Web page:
10 Bands Destroyed By "Selling Out"

Street cred? What street cred?

Bono U2
Wikimedia Commons

Selling out is a strange concept. By our very nature, we as humans are designed to want to succeed at things. If we didn’t, we’d all just sit around on the couch all day eating Doritos and watching Loose Women. Some of us do that anyways.

But in music, there is a very fine line when it comes to success. On the one hand, as an artist you want to be able to make enough money to pursue the venture as a full-time career, while also building a legacy that ensures you are remembered beyond the confines of your allotted 15 minutes of fame.

On the other, the last thing you want to do is alienate the fans who helped you achieve any reputation you might have built up by changing your output or principles too drastically. It’s kind of like that scene at the end of The Incredibles where they finally let Dash compete in his school sports day - win the race, but don’t win it by too much.

If you do, you risk being slapped with a label so stigmatic that it’s harder to shift than a three day hangover: sell out.

With that in mind, here are 10 artists who have destroyed their street cred by auctioning off their creative souls to the devils of commercialism...

10. Maroon 5

Bono U2
Wikipedia Commons

If you look up ‘selling out’ in the dictionary, you’d probably find a picture of Adam Levine singing Payphone on the US version of The Voice with Wiz Khalifa back in 2012. Specific, I know. The song, the setting, and the accompaniment were a sure sign of just how far Maroon 5’s star had risen over the course of the decade prior, but that meteoric ascension had definitely come at the expense of their credibility.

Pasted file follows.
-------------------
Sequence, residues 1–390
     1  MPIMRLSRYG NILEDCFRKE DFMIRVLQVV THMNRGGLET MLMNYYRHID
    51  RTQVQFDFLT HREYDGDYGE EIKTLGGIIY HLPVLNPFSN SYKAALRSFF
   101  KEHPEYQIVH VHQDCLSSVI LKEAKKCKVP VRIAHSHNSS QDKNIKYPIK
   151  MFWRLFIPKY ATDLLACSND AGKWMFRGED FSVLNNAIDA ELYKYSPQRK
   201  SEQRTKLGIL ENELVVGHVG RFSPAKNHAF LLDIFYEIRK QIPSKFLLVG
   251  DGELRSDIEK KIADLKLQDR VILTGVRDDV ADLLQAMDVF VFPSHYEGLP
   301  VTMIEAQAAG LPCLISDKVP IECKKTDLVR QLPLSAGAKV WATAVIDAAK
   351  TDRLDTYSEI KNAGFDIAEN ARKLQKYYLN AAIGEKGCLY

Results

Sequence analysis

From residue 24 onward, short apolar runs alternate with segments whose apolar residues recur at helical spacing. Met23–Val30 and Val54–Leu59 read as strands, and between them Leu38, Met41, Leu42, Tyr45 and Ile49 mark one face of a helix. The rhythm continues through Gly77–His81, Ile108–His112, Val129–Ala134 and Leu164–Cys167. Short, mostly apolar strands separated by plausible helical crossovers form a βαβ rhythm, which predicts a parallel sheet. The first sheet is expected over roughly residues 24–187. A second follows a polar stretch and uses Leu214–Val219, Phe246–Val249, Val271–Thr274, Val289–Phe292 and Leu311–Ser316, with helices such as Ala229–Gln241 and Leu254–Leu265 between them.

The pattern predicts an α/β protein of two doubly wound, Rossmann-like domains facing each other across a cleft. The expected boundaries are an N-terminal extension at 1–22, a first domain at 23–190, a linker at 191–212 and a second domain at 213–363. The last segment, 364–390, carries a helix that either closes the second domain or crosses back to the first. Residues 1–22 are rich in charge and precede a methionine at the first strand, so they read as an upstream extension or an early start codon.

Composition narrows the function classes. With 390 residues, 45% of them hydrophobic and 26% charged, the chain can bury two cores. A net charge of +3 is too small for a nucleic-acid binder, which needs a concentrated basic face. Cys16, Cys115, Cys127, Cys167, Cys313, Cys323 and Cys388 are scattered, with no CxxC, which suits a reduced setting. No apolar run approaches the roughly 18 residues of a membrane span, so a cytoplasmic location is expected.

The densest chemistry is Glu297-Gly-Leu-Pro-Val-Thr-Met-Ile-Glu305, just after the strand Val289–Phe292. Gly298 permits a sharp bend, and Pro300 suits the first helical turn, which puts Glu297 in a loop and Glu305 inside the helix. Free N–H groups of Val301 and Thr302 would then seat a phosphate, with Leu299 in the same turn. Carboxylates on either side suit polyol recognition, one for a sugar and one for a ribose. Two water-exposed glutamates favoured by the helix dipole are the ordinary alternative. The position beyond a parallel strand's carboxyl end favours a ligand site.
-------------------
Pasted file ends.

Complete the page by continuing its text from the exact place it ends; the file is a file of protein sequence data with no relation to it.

The band’s debut effort, Songs About Jane, was a funk-infused masterclass in indie pop songwriting, and justifiably catapulted them into the charts and the public consciousness with one fell swoop.

Ever since then, however, it’s felt as if the group have been walking in ever decreasing circles, slowly moving away from the tropes and quirks that gave them their unique sound, and increasingly leading to material that literally sounds like everything else in whatever the zeitgeist genre is at that time. At this point it’s a matter of time before they release an emo-rap tune.

And that’s sad because, while their sound might not have been for everybody, at least it set them apart. The last thing we need is more battery farm music that has become homogenised in a desperate attempt to appeal to the lowest common denominator. Adam and the boys might still be churning out the chart toppers, but at what cost?

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